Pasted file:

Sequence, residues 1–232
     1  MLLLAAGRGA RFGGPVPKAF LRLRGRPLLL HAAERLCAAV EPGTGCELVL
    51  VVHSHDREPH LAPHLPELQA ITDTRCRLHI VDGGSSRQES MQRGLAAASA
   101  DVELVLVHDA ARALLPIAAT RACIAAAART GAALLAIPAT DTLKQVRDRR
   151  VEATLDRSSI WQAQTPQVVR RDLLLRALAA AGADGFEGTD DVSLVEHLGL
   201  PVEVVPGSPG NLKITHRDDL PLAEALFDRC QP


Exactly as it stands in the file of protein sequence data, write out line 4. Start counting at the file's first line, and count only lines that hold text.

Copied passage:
   101  DVELVLVHDA ARALLPIAAT RACIAAAART GAALLAIPAT DTLKQVRDRR